Page:The Biographical Dictionary of America, vol. 07.djvu/319

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MATHEWS


MATHEWS


the Bar Association of the City of New York in 1869 and vice-president in 1886. He was twice married: first to Louise Mott Strong, who died in 1857, and secondly, in 1861, to Cettie Moore Gwynne, younger daughter of Henry Collins Flagg, for many years mayor of New Haven, Conn. Under the pen name of Paul Siegvolk, Mr. Mathews contributed to the Knickerbocker Maga- zine, 1850-57, and later to other magazines and I^eriodicals. He is the author of: Walter Ashivood: a Love Story (1860); Incidental Protection: a Solecism (1869); A Bundle of Papers (1879); Tlioughts on the Codification of the Common Law (1881); Memorial of Bernard Roelker (1889), Ru- minations. The Ideal AmeHcan Lady, and Other Essays (1893); and A Feio Verses. He also con- tributed a series of essays for many years to the New York Home Journal.

MATHEWS, Charles Thompson, author and architect, was born in Paris, France, March 31, 1865; son of Charles Drellincourt .and Rebecca (Thompson) Mathews; grandson of William Edmund and Anna (Lorree) Mathews, and a direct descendant on the maternal side of An- thony Thonij)son of Sandwich, England, who married Dorothy Honeywood of Royton Manor and came to America in 1637; also a descendant tlirough his paternal greats-grandmother of Maj. Dirke Wesselse Ten Broeck, who came to Bever- wyck (now Albany), N.Y., in 1662, was first re- corder of the city, 1686, and mayor, 1696-98. He received his preparatory education at St. Paul's school. Concord, N.H., and in Paris and Nice. He was graduated from Yale, A.B., 1886, A.M., 1892, and from the Columbia School of Mines, Ph. B., 1889. He studied architecture in Paris, exhibited drawings at the World's Columbian Exposition, Cliicago, 1893, and was made a fellow of the American Institute of Architects. He won the competition for remodelling the Church of the Holy Trinity, 1891; introduced an innova- tion in fire-proof construction into New York which became a requirement of the building de- partment, and in 1901 won the competition for re- modelling the east end of St. Patrick's cathedral. New York, and adding a Lady chapel. This com- petition was entered into by architects from France, England, Canada and America. Mr. Mathews is the author of: The Renaissance under the Valois (1893); and The Story of Architecture (1896).

MATHEWS, Cornelius, author, was born in Portchester, N.Y., Oct. 28, 1817; son of Abijah Mathews. He was graduated from the Univer- sity of the City of New York, A.B., 1834, A.M., 1837; was admitted to the bar in 1837, but after practising for one year he abandoned the profes- sion for literature. He founded Yankee Doodle, the first successful comic paper in New York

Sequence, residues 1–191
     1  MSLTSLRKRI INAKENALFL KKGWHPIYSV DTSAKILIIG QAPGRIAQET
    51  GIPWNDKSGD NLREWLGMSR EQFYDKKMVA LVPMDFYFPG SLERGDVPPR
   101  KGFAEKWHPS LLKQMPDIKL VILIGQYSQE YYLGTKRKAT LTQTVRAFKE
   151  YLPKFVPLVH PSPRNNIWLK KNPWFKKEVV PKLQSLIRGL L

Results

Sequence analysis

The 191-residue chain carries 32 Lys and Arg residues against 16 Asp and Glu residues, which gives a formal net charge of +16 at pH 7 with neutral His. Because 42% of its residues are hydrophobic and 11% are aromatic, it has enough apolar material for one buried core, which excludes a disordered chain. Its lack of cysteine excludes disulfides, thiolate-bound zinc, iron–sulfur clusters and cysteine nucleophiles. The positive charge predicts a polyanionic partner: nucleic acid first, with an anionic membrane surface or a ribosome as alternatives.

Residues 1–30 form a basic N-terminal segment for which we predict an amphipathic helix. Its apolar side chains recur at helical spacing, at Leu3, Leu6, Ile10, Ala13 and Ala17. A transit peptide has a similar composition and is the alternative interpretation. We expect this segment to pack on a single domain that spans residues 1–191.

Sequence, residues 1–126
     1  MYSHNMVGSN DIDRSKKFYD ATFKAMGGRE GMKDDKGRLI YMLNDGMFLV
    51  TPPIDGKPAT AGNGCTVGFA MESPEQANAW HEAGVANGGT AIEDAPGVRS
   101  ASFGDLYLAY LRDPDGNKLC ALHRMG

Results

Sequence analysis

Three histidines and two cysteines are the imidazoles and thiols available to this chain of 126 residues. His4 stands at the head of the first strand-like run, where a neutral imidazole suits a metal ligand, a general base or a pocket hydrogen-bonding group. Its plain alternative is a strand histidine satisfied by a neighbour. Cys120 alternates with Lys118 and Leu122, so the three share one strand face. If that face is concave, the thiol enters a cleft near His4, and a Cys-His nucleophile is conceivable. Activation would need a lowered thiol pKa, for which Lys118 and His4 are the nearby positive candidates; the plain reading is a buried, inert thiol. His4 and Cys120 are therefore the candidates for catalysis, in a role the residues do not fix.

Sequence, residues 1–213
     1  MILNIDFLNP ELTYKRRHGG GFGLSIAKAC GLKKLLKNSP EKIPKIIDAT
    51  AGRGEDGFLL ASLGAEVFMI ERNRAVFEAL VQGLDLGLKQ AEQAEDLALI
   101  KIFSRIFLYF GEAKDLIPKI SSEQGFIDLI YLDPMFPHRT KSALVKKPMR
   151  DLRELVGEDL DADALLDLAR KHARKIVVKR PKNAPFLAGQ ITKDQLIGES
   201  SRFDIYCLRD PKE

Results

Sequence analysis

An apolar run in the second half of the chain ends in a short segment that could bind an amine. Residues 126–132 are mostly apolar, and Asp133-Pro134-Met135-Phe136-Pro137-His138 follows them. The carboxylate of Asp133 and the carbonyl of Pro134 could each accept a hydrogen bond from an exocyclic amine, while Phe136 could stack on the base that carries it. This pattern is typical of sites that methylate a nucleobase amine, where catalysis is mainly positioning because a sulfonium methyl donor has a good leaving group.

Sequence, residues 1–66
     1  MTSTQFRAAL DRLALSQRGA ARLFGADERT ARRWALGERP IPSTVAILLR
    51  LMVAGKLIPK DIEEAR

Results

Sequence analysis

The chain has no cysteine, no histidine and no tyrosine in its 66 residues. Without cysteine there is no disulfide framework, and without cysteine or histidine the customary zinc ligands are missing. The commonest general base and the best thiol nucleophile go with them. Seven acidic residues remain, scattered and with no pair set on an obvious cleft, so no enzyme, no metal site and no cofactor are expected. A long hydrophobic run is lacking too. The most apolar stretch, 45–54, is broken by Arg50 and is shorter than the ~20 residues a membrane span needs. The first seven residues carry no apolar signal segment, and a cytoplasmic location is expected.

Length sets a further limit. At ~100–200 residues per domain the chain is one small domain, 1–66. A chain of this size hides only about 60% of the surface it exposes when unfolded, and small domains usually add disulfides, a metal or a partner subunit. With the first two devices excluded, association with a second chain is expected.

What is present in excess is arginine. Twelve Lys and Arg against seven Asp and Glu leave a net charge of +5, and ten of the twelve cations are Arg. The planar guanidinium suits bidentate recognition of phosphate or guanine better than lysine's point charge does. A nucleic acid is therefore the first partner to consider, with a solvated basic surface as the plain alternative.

city, and with Evert A. Duyckinck he edited

    • Arcturus: a Journal of Books and Opinion '*

(3 vols., 1841-42). He founded the Copyright club in 1843, to promote international copyright, and was its first president. He was a friend of Elizabeth Barrett Browning and the first Amer- ican editor of her works. He devoted himself to dramatic writing in 1844 and produced the com- edy, The Politicans," and the tragedy, " Witch- craft," a story of the Salem delusion, which was performed in Philadelphia and New York thea- tres in 1846, and translated into French; " Jacob Leisler," a drama, performed in Philadelphia in 1848, and "False Pretenses," a comedy. al>out 1842. He is the author of: The Motley B«o^• (1838); Behemoth: a Legend of the Mound- Builders (1839); Tlie Career of Puffer Hopkins (1842); Appeal on Behalf of International Copyright (1842); Poetns on Man in Jiis Various Aspects under the Amer- ican Republic (1842); Various Writings (1848); Big Abel and the Little Manhattan (1845); Chan- ticleer: a Tlianksgiving Story (1850); Moneypenny, or the Heart of the World (18.'>0); Witchcraft (1852); A Pen-and-ink Panorama of Xew York City (ISTiS);Tlie Indian Fairy Book (1856); The Indian Fairy Book Compiled from MS. of Henry Roioe Schoolcraft (1869); 27/e Enchanted Mocca- sins, and Other Legends of American Indiana (1877). He died in New York March 25, 1889. MATHEWS, Ferdinand Schuyler, author and artist, was born in New Brighton, Statt-n Island, N.Y., May 30, 18.54; son of Ferdinand Schuyler and Frances (CoflEin) 3Iathews, and grandson of William Edwin and Hannah Schuyler (Loree) Mathews and of William and Eliziibeth Chase (Hussey) Coffin. His ancestor, Ephraim Loree, surgeon in Colonel Dayton's regiment during tho Revolutionary war, was married to Gettie, daughter of Gertrude (Schuyler) Voorhis, a descendant of Abraham Schuyler of Albany, N.Y. William Coffin was a descendant of Tris- tram Coffin, ancestor of the Coffin family of New England.. Ferdinand S<^huyler Mathews attended the Wooster Street public school of New York city, and finally deciding on art as his vocation, studied at the Cooper institute, New York city; at a later period he studied in Rome and Naples, Italy. He began work with Russell Sturgis, architect, in New York city in 1872; entered the art department of Tiffany & Co., 1874-78. and became a si>ecial artist on the staflf of L. Prang & Co. in 1879. He removed to Bos- ton, Mass., in 1885. He was married, Nov. 17, 1886, to Carolina, daughter of Professor George W. Maynard of New York. He is the author of: The Golden Flower (1890); The Beautiful Floirer Garden (1894); Familiar Flowers of Field and G'an/en (1895); Familiar Trees and their leaves (1896, rev. ed.. 1901); Familiar Features of the